The glut of underused strip malls in the U.S. may be a cash drain for commercial real estate developers, but it has become a gold mine of sorts for thriving restaurant operators.
Some of the industry's top names are aggressively eyeing strip malls for new locations, lured by the ready availability of empty spaces and ability to negotiate good deals.
These "brownfield" developments, so called because the ground has already been cleared and developed, offer a number of advantages to restaurant operators, experts say.
First, restaurant companies don't have to invest in building new locations from the ground up. Second, as the spaces are empty, cash-strapped developers give restaurants leeway to customize them to fit their needs — at favorable rates.
Finally, many brownfield developments are located in high-traffic suburban areas — attractive spots for leading fast casual restaurant operators such as Chipotle Mexican Grill (NYSE:CMG - News), Panera Bread (NASDAQ:PNRA - News) and Buffalo Wild Wings (NASDAQ:BWLD - News).
"The fast casual sector has done really well in suburban locations, and it's a little easier to find locations in the suburbs right now," said Bart Glenn, a restaurant analyst at D.A. Davidson & Co. "Many of these fast casual restaurants end up in strip centers that either went out of business or are being repurposed.
Mini-Malls Go Small In many cases, repurposing goes against the traditional template of finding a big anchor tenant to serve as centerpiece, analysts say.
"You're seeing them do a redevelopment with a smaller retail operation like Barnes & Noble (NYSE:BKS - News) and a couple of restaurants," said Stephen Anderson, senior restaurant analyst at Miller Tabak & Co.
Developers will take what they can get in a rough property market. In the last five years, with a commercial real estate credit crisis and recession, vacancy at U.S. neighborhood and community retail centers has zoomed from 7% to 11%, according to real estate data tracker Reis.
Buffalo Wild Wings has been particularly effective at finding good locations in underutilized strip malls, Anderson says.
"They've done a good job taking advantage of these kinds of real estate opportunities," Anderson said. "If a retail chain goes belly up and leaves a big empty space, the developer is happy to build a restaurant to Buffalo Wild Wings' specifications, and at a good price.
Buffalo Wild Wings recently announced the opening of its 800th restaurant. Watchers figure that number can go much higher.
"I think they could double that by the time they finish expanding in the U.S. and Canada," said Mark Smith, analyst at Feltl & Co. "They have a really strong growth story.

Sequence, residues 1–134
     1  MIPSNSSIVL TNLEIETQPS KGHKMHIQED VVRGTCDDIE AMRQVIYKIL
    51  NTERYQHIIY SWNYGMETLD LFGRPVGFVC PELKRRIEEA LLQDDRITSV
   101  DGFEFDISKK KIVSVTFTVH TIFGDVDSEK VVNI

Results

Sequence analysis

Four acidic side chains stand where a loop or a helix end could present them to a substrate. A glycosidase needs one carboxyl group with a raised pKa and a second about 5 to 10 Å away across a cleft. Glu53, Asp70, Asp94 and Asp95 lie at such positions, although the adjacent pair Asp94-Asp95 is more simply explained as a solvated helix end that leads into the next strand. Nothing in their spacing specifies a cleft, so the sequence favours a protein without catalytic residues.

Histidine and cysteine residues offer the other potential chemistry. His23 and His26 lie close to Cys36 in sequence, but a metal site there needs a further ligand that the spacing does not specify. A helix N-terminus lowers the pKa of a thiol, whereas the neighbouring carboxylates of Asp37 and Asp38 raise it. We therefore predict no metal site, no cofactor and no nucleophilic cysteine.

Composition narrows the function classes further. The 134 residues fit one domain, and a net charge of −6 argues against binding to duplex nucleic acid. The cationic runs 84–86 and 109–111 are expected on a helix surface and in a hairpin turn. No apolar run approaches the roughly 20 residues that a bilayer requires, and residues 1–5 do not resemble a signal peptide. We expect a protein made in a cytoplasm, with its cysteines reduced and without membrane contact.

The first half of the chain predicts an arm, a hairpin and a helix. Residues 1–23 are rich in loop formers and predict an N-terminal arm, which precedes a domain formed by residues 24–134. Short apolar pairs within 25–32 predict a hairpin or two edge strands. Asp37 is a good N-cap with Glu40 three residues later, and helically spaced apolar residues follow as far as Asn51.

Chipotle has been even more aggressive. Its tally of new restaurants opened this year could top 145, and it expects 155 to 165 in 2012. The company currently has more than 1,100 restaurants. Analysts expect it could accommodate 2,000 to 3,000 in the U.S. alone.
Panera also has been busy opening new locations. In a third-quarter conference call, CEO William Moreton said Panera is raising its 2011 new-unit target to between 110 and 115, which is 10 to 15 units more than its original range.
"We're also raising our 2012 new unit expectation to the same 110-to-115 units,"Moreton said.
It's not surprising that Buffalo Wild Wings, Chipotle and Panera are expanding, considering they rank among the restaurant industry's best financial performers.
But even companies performing less robustly have begun to add new units after a years-long decline. The list includes casual dining chains like Cheesecake Factory (NASDAQ:CAKE - News), Olive Garden (owned by Darden Restaurants (NYSE:DRI - News), Chili's (owned by Brinker International (NYSE:EAT - News) and P.F. Chang's China Bistro (NASDAQ:PFCB - News).
The number of new units in the casual dining sector grew an estimated 2% during the third quarter, according to a report from JPMorgan analyst John Ivankoe. That might not sound like much, but it marked the first time since 2009's first quarter that new unit growth reached that high.
Ivankoe expects new unit growth of 2.1% this quarter, 2.6% next quarter and 2.8% the quarter after that.
Those gains are well up from a six-quarter stretch in 2009 and 2010 when growth never rose above 1.7%. But they are still well down from 7%-plus growth numbers reported in 2006 and early 2007.
"Though unit growth appears to have bottomed, it is unlikely to reach pre-recession levels again as domestic opportunities are more limited," Ivankoe noted.
Restaurants are expanding for a couple of reasons, analysts say. The slowly improving economy has led to an increase in customer traffic. And in many cases, companies that delayed expansion plans during the downturn are simply picking up where they left off before the downturn hit.
For real estate brokers and developers, the restaurant industry's appetite for suburban strip mall locations is a mixed blessing.
On the plus side, they are landing well-capitalized clients to fill empty spaces. On the minus side, they don't have much bargaining power.
"It's still very much a buyer's market for most of these locations," Glenn said.
Deluxe Is Different For brokers, the supply-demand equation is more favorable in the market for upscale, urban restaurant locations.
"For the higher-end properties it's still a very tight market," Anderson said. "Higher end restaurant chains like Bravo Brio (NASDAQ:BBRG - News) and (Darden's) Capital Grille are probably finding it a little tougher to find good locations in urban center-city areas.
No matter the market, he expects brownfield developments to continue dominating the restaurant real estate landscape over the near term.
"The big opportunity will come from brownfield development rather than new mall development," Anderson said. "It will be a couple more years before you see new development on any significant scale."